School Officials Answer Parents Questions After Five Confirmed Staph Infection Cases

By: Marie Luby Email
By: Marie Luby Email

An eastern Kentucky high school student is doing fine after doctors diagnosed him with the antibiotic-resistant infection MRSA back in August.

The student is just one of a few other confirmed cases of Staph infection at East Ridge High School in Pike County.

WYMT’s Marie Luby found out what school officials are doing to keep students safe, and re-assure parents.

Pike County Schools Director of Pupil Personnel Bill Dotson is busy answering questions from concerned parents after school officials confirmed at least five cases of Staph infection in the district.

“We're spraying in all the shower rooms, the locker rooms, we're sanitizing all those areas,” Dotson said.

One of those cases is a student at East Ridge High School.

His mother doesn't want his name released but says her son just finished treatment for MRSA, a type of Staph infection resistant to some antibiotics and spread through physical contact with infected people or with objects contaminated with the bacteria.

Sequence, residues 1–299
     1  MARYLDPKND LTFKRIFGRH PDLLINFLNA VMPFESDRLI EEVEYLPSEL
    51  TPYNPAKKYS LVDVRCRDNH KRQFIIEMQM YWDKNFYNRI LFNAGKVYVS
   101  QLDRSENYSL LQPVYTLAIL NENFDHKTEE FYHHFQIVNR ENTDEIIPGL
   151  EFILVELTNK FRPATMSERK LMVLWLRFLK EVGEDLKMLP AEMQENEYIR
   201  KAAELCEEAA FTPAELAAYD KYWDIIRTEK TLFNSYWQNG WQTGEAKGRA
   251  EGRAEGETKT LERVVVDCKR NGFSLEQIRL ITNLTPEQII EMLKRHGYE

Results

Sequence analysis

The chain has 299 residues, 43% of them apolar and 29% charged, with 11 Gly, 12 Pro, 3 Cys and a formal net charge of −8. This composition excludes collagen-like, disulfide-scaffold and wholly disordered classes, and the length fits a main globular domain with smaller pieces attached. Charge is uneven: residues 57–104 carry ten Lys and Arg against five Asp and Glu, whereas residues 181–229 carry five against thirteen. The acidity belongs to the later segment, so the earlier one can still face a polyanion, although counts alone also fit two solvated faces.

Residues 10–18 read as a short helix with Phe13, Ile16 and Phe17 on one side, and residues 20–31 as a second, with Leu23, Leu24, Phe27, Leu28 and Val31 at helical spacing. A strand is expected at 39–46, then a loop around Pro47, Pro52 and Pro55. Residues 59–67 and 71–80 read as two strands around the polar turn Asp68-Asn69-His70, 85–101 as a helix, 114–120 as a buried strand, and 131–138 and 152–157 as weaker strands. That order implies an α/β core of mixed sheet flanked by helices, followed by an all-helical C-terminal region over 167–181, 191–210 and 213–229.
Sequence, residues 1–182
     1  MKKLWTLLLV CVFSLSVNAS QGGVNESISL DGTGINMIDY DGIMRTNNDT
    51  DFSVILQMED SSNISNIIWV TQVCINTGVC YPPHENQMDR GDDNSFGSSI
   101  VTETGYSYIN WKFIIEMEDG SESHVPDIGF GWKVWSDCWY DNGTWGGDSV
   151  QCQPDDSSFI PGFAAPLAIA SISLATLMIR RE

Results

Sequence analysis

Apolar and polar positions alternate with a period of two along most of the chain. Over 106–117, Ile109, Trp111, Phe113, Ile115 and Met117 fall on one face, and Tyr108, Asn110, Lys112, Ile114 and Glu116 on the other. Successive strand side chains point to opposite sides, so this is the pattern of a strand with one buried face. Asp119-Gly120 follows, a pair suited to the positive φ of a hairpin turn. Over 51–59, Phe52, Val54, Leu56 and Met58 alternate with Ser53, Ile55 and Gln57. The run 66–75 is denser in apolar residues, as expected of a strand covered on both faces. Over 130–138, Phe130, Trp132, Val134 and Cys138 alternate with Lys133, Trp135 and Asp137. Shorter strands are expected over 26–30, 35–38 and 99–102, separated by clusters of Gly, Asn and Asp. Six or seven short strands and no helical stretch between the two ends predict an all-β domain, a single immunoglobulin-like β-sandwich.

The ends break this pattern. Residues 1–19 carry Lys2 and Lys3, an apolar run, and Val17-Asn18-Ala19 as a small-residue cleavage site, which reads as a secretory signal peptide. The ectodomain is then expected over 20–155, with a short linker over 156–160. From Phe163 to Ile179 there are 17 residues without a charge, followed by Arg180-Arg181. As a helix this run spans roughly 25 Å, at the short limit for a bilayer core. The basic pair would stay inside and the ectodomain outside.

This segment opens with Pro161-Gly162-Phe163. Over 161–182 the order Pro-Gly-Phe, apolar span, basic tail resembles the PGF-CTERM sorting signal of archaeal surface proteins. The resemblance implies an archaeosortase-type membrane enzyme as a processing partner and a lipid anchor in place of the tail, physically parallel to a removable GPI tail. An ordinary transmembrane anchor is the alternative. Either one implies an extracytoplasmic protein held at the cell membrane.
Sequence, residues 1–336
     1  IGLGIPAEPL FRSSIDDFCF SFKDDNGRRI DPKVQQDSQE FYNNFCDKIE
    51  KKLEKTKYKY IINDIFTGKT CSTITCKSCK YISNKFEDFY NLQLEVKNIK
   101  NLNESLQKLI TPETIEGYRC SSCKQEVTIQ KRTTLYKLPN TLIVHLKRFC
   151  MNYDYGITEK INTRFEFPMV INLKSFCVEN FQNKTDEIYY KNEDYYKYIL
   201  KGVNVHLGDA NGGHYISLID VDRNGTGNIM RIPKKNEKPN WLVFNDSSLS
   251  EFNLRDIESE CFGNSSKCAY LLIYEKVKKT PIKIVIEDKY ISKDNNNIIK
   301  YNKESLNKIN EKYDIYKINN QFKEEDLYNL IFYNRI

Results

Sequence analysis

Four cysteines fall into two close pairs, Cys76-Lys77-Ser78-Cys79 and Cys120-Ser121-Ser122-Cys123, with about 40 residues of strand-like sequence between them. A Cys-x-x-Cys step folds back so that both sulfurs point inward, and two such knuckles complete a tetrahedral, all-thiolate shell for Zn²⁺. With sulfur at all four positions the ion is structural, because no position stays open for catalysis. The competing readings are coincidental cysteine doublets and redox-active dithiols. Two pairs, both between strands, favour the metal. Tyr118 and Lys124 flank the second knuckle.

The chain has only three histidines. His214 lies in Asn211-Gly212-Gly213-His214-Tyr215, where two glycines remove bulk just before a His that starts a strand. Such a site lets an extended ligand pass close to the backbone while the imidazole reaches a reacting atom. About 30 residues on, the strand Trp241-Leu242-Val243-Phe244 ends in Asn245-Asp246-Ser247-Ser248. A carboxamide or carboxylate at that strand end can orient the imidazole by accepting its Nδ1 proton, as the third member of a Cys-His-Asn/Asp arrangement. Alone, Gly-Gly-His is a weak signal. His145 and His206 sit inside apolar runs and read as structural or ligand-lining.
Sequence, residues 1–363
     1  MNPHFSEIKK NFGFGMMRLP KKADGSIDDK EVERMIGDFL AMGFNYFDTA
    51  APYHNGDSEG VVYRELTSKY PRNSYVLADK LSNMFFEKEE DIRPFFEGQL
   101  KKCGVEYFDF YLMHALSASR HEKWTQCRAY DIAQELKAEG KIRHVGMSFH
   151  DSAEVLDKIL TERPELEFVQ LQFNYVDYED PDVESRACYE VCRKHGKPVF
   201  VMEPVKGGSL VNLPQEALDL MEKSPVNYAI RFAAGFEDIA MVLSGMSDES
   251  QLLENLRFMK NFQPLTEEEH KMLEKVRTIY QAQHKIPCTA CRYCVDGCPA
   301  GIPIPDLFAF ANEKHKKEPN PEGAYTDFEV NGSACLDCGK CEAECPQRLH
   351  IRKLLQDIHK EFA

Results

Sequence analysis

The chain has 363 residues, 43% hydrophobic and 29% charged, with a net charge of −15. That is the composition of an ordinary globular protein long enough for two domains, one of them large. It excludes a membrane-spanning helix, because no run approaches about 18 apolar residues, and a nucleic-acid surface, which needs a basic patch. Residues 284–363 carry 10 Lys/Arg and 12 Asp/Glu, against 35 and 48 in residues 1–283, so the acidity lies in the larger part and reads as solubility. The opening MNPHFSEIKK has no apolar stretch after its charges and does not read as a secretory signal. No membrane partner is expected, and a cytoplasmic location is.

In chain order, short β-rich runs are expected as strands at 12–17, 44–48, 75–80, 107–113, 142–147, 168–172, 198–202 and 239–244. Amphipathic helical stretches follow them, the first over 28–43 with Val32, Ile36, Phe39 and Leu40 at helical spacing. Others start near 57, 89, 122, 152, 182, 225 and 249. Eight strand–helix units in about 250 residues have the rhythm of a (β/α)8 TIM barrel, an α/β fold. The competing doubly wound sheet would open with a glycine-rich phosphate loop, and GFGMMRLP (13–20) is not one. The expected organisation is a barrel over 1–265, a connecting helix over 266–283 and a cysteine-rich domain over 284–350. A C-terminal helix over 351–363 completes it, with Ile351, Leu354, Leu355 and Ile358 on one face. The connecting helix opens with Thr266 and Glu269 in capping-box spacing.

Doctors caught this student's MRSA before it led to more serious health problems, but his mother still worries about close quarters at school.

Officials say most MRSA cases are treatable, and Dotson says school officials are following directions from the local health department to keep students safe.

“I want them to be concerned about their children but I hope that they trust us, that we're doing the right thing,” Dotson said.

Dotson says a team of professional cleaners will sanitize all schools in the Pike County district, starting in the next few days.

All Morgan County schools will be closed Wednesday due to a Staph infection.

A Morgan County High School student has a confirmed case of the drug resistant "Superbug." as a result, all Morgan County schools will be closed--so all buildings and school buses can be disinfected.

There are a few simple things you can do to protect yourself from a Staph infection.

You should wash your hands often. Doctors say this will kill any bacteria that you may pick up throughout the day.

Keep all wounds covered until they are completely healed.

Don't share personal items like razors or towels.

For more information on these visit
http://chfs.ky.gov/dph/MRSA.htm

http://www.cdc.gov/ncidod/dhqp/ar_mrsa_ca.html


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